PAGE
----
New technology often comes at price. Just ask a mail carrier.
Mail carriers are among those working in the nation's most endangered careers, according to a survey from job-search site CareerCast that's based on data from the U.S. Bureau of Labor Statistics.
With the U.S. Postal Service in financial distress -- the agency lost $1.9 billion in the second quarter -- it's no wonder that the job is considered one of the nation's most endangered. At the heart of the problem is the Postal Service's declining revenue from first-class mail, given the popularity of email. Other at-risk careers include the newspaper reporter and the travel agent.
The common thread? The "disruption" caused by the Internet.
For mail carriers, employment is expected to plummet by 28 percent by 2022, thanks to new automated sorting systems and smaller budgets, the BLS notes. Even though retiring mail carriers will need to be replaced, applicants can expect tough competition given the smaller number of openings.
Other at-risk careers include farmers, thanks to more efficient farming and ranching techniques, which will cut down on demands for human labor, and meter readers, since gas and electric companies are installing electronic meter readers.
While new jobs are being created in growing industries such as the information technology sector, the downward spiral for some of these job categories represents a setback for some traditional middle-class careers.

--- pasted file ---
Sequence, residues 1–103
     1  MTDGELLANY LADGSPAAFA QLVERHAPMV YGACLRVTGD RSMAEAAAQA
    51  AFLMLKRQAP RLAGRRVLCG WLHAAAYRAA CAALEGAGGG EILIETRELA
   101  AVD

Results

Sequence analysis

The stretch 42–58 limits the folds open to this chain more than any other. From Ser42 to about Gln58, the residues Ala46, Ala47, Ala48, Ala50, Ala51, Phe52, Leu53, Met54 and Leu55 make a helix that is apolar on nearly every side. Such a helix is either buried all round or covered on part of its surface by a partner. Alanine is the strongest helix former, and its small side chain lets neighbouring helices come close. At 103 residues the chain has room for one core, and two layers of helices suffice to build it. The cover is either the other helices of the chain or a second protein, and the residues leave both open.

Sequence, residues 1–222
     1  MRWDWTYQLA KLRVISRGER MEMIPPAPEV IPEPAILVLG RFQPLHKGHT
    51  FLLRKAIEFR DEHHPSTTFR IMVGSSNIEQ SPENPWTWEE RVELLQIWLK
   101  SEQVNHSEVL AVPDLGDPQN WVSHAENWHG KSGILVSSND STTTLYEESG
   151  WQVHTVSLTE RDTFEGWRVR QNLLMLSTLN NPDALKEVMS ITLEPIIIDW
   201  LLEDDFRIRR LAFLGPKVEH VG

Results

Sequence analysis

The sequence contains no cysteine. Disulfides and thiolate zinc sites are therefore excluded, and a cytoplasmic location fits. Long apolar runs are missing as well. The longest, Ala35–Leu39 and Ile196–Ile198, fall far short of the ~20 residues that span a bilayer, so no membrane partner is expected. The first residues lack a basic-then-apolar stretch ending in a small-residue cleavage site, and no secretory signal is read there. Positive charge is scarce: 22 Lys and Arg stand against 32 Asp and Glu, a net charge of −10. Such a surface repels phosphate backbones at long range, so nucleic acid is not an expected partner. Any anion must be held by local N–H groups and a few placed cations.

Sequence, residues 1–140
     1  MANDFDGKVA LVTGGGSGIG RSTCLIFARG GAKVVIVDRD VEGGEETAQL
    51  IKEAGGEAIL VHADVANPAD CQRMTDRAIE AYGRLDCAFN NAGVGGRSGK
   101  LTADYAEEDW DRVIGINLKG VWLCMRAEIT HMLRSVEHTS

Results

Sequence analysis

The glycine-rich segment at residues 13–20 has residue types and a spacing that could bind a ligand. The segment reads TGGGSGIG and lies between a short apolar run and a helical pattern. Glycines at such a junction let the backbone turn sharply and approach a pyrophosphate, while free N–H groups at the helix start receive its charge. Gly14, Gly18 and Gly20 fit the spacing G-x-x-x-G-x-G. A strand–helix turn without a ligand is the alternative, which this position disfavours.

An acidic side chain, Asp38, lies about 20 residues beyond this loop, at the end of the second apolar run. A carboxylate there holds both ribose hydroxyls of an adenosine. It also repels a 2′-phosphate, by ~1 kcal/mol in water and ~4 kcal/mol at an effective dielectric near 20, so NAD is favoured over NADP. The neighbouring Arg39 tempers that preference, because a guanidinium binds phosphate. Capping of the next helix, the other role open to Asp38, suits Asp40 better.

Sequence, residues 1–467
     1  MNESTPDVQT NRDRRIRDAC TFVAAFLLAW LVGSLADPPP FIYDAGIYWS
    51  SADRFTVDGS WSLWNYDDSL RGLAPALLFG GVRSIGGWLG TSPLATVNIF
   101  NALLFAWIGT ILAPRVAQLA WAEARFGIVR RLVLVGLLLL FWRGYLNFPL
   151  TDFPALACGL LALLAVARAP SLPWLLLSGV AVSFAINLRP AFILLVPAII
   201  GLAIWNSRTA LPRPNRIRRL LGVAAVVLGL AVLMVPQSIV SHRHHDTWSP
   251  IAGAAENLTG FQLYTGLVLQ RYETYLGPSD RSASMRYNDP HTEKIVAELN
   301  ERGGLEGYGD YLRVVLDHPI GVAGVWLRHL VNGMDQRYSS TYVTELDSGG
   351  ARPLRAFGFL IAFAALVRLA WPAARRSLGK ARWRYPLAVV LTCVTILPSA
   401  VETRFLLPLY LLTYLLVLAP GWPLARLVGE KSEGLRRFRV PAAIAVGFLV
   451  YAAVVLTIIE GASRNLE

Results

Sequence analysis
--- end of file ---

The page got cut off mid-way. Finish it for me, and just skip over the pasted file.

A job as a postal worker, for instance, was once considered a way for many to climb into the middle class. The agency's job cuts -- more than 168,000 since 2006 -- is especially tough on the black middle class, given that about 20 percent of U.S. Postal Service workers are black, according to Reuters.
As for newspaper jobs, they've been in decline for years, thanks to Americans' increasing reliance on websites, television and news apps on smartphones. Print ad revenue has fallen back to its level in 1950, according to the American Enterprise Institute. Unfortunately for print newsroom workers, the decline is "not even close to being over," the AEI notes.
Below are the 10 most endangered jobs, according to CareerCast, along with their median annual salary and hiring outlook through 2021:
1. Mail carrier: $53,100; -28 percent
2. Farmer: $69,300; -19%
3. Meter reader: $36,410; -19%
4. Newspaper reporter: $37,090, -13%
5. Travel agent: $34,600; -12%
6. Lumberjack: $24,340; -9%
7. Flight attendant: $37,240; -7%
8. Drill-press operator: $32,950; -6%
9. Printing worker: $34,100; -5%
10. Tax examiner and collector: $50,440; -4%